“After my return to Ukraine I contacted Mr. Hroisman’s deputy, and now I will need to complete the proposal. After I have sent it, we could discuss a meeting. Moreover, if I have to speak with certain European authorities, I will need to do it in an official status of a representative of the fund, advisor or consultant to the government. This moment is also worth discussing.”

Did you look at the possibility of state support for your project?

“We did, but so far I am not very sure about the possible format. It might be financing of a social program. Yet for the start I would like the Ministry of Healthcare to sign a memorandum on cooperation with other healthcare startups, and not only with projects on e-office. Integrating certain technology projects for their testing and clinic feasibility study would be much better than financial support. There is no need to purchase equipment, it would suffice to provide access to testing in state-run clinics. That is exactly where you find patients with many problems. In private-run clinics the quality of healthcare is much higher, thus they have fewer problems with patients.

“Various state-run companies could also help us with the development of special plastic metals for our industrial prototype.”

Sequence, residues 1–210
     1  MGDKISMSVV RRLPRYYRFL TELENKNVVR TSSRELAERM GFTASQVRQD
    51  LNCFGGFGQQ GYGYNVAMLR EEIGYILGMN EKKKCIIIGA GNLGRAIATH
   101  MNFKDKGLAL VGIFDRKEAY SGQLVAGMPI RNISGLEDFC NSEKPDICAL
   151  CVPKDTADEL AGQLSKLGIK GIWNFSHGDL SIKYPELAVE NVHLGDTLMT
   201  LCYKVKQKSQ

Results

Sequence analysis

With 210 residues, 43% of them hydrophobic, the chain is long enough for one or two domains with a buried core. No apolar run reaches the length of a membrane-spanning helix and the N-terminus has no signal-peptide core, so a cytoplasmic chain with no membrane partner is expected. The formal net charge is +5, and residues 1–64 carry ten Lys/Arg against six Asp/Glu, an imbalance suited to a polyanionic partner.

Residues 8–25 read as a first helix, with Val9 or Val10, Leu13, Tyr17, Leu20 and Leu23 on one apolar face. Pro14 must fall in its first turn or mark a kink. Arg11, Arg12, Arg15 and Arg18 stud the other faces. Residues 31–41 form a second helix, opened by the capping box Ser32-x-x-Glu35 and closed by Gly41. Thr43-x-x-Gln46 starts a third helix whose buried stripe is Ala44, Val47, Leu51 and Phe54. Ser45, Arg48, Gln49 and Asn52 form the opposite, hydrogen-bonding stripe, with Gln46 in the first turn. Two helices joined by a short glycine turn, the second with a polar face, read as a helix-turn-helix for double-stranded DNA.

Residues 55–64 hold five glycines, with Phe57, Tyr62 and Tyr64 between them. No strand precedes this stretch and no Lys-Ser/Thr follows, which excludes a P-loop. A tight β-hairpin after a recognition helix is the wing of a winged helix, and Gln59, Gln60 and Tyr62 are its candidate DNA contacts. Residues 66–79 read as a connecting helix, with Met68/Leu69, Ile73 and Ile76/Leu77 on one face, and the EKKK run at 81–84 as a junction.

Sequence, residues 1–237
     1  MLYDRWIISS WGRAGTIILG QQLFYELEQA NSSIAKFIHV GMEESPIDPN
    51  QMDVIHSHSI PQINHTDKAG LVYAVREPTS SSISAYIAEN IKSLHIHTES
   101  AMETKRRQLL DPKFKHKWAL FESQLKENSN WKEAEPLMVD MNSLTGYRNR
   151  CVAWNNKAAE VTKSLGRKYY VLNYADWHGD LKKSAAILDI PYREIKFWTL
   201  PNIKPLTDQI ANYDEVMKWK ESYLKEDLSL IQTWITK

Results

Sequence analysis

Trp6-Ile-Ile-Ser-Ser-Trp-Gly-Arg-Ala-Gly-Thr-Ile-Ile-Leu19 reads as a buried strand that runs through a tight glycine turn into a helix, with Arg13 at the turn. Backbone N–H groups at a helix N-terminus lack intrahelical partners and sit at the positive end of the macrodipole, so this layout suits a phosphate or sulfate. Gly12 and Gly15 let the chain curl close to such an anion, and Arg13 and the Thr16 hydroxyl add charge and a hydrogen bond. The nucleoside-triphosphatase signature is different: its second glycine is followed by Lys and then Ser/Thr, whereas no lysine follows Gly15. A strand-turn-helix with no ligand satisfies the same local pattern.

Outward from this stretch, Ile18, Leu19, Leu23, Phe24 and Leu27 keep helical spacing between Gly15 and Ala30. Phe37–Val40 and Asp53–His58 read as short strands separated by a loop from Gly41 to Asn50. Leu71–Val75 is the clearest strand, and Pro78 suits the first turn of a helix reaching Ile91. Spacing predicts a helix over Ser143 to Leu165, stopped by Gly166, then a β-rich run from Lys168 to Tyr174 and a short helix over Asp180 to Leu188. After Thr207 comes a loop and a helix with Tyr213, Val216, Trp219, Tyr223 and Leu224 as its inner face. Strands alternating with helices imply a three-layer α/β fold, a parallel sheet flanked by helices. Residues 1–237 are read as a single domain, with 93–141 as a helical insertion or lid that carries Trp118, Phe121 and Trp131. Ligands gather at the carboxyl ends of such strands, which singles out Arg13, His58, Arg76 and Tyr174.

One of the problems innovations (medical, in particular) face is that investors do not consider this sector as profitable. You too encountered this problem at a certain point in time, when you needed to transfer your invention into business spheres. How difficult is this transition from research and development to business?

“First of all, it is all very complicated. Sweating on a project in a lab you do not particularly think about business, because you need to create a technology, write out algorithms and formulas. But when it comes to business you understand that no one is interested in all those pages you have written. You need to estimate the profit and cost. A lot of time is taken up by startup competitions and consultations with all manner of experts. But this is useful work without which you cannot build a business.

“You must also scrutinize investors’ proposals, they do not necessarily help your project develop.

“Resistance to stress also matters a lot. As time passes, the team could lose motivation for work and a lot of problems could arise.”

By Maria YUZYCH. Photos by Artem SLIPACHUK, The Day